Objective For soil salinization restoration and sustainability in extreme arid areas, we investigated Lycium ruthenicum adapting to long-term salinization stress.
Method The K+, Na+ and Ca2+ compartmentalization of organs of L. ruthenicum in low salt stress (MSS), middle salt stress (HSS) and high salt stress (SS) soil were analyzed by regression analysis and principal component analysis, as well as the responses of dry mass and root morphology to salt stresses.
Result (1) If concentration of NaCl at soil solution was below 183.63 mmol/L, the survival rate of salt-tolerance training plants increased with increasing concentration of NaCl, and all the plants died if concentration of NaCl was above 355.88 mmol/L. With increase of NaCl concentration, the relative growth rate of fruit significantly slowed down from flowering to early fruit, while accelerated from early fruit to full maturity. (2) The root K+ and Na+ treated by HSS were significantly higher than those treated by MSS and SS, and the contents of K+, Na+ and Ca2+ in stems were significantly lower than those treated by MSS and SS. There was significant differences neither K+/Na+ nor Ca2+/Na+ between roots and stems in HSS. The leaf Ca2+ in SS treatment was 5 and 3 folds of MSS and HSS, respectively. There was no significant difference in Na+ content between roots and stems, and no significant difference in Ca2+ content between roots and leaves. The stress increased from MSS to SS, the content of Na+ in the stem increased by 0.78 g/kg on average. (3) PCA analysis showed that principal component 1 (PCA1) and principal component 2 (PCA2) explained 73.9% information of L. ruthenicum under salt stress. PCA1 explained 57.8% of the salt stress of L. ruthenicum. Among them, dry mass of over-ground organs contributed the most to PCA1. According to these contributions to PCA1, leaf dry mass, stem dry mass, root dry mass and taproot diameter were to be top four. PCA1 was negatively correlated with Na+ content both in roots and aboveground organs and lateral root diameter. Plant height, root Ca2+ content, stem diameter, aboveground organ K+/Na+, root dry mass and taproot diameter were positively correlated with PCA1. The content of plant K+/Na+, root K+/Na+, rhizosphere soil K+/Na+, root Ca2+ and aboveground organ Ca2+ could explain 16.1% of PCA2.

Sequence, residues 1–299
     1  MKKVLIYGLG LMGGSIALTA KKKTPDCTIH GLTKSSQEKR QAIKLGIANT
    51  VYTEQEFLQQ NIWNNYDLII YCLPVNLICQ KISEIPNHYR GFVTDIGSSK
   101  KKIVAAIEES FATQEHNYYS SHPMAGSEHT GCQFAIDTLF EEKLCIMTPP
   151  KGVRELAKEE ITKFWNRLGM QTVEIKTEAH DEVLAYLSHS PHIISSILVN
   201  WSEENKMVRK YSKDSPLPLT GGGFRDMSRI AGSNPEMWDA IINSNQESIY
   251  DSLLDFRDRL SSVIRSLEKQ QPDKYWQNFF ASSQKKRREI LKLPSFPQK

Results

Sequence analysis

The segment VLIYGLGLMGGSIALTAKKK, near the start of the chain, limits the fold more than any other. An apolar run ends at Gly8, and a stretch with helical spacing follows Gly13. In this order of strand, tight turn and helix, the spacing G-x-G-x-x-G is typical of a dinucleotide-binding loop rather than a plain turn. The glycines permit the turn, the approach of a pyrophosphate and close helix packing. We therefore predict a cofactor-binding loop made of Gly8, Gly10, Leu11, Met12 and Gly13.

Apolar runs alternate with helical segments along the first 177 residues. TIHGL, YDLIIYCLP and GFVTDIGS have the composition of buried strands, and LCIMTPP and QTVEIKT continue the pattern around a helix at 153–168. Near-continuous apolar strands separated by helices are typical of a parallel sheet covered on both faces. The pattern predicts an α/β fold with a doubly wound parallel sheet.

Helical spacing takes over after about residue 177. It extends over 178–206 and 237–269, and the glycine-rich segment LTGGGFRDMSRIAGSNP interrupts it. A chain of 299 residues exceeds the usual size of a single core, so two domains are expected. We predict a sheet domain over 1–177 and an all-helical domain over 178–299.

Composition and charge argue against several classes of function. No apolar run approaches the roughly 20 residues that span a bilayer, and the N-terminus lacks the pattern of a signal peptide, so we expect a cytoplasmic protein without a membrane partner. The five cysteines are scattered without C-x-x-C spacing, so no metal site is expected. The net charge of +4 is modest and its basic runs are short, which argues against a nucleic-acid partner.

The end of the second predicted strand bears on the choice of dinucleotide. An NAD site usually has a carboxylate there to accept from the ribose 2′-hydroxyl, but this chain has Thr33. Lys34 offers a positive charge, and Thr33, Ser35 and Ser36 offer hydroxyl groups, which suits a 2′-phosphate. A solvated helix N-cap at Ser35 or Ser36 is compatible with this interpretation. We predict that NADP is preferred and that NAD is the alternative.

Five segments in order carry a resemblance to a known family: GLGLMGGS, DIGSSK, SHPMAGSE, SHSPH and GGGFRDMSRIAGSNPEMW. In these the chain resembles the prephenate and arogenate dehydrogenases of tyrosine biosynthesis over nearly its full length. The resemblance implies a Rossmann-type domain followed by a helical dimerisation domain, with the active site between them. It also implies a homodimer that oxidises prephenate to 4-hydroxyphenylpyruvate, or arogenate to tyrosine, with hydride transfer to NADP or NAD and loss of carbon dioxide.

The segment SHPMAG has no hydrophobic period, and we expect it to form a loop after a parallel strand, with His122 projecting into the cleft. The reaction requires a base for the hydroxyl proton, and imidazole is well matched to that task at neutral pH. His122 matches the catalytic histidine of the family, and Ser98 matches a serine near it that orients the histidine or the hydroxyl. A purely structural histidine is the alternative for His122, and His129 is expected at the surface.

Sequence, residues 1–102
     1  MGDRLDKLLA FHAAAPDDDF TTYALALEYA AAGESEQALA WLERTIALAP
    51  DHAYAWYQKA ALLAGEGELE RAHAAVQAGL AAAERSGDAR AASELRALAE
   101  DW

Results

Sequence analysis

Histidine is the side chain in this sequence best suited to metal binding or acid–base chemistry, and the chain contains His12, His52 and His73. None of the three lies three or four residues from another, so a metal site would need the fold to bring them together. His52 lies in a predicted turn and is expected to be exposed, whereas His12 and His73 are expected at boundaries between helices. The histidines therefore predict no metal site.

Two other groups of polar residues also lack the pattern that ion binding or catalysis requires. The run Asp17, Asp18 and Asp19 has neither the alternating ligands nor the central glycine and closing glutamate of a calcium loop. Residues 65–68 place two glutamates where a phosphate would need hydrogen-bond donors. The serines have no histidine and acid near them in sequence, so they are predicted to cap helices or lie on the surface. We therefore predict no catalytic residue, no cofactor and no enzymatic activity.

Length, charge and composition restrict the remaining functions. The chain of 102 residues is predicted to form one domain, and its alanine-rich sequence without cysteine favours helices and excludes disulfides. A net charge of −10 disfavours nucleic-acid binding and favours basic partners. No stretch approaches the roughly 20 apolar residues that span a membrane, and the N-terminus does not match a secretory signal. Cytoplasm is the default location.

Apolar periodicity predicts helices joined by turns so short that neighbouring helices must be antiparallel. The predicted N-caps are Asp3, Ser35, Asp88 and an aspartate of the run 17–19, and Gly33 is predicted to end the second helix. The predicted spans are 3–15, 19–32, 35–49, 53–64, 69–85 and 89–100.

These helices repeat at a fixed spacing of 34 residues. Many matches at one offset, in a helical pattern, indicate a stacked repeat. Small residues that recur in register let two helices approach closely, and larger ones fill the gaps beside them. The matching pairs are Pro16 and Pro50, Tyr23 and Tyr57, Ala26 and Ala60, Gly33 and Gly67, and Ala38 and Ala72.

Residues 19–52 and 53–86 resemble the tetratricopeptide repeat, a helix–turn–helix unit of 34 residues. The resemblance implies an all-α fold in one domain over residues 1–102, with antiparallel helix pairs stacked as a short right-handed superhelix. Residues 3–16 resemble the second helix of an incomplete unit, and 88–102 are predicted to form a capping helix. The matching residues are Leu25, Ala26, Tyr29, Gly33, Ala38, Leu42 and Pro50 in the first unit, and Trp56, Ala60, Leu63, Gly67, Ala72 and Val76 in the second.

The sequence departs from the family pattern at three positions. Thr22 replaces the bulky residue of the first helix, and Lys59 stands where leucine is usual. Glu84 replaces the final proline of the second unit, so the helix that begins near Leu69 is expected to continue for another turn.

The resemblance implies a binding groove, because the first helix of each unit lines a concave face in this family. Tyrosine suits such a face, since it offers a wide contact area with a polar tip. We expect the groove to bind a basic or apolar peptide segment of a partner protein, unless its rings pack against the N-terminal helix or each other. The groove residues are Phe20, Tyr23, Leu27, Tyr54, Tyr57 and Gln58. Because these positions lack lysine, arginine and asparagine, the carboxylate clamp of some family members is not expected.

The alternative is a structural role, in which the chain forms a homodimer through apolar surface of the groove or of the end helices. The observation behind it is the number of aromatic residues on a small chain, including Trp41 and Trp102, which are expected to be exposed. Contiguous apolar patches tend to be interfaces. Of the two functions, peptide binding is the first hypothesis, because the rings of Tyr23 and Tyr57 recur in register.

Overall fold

Conclusion With the increase of salt stress, leaves maintained high concentration of Ca2+ to regulate plant K+/Na+, and root and stem enrichment and storage capacity of Na+ were significantly enhanced, which indicate that L. ruthenicum tends to share salt stress cooperatively in different organs to adapt to long-term salt stress after salt tolerance training.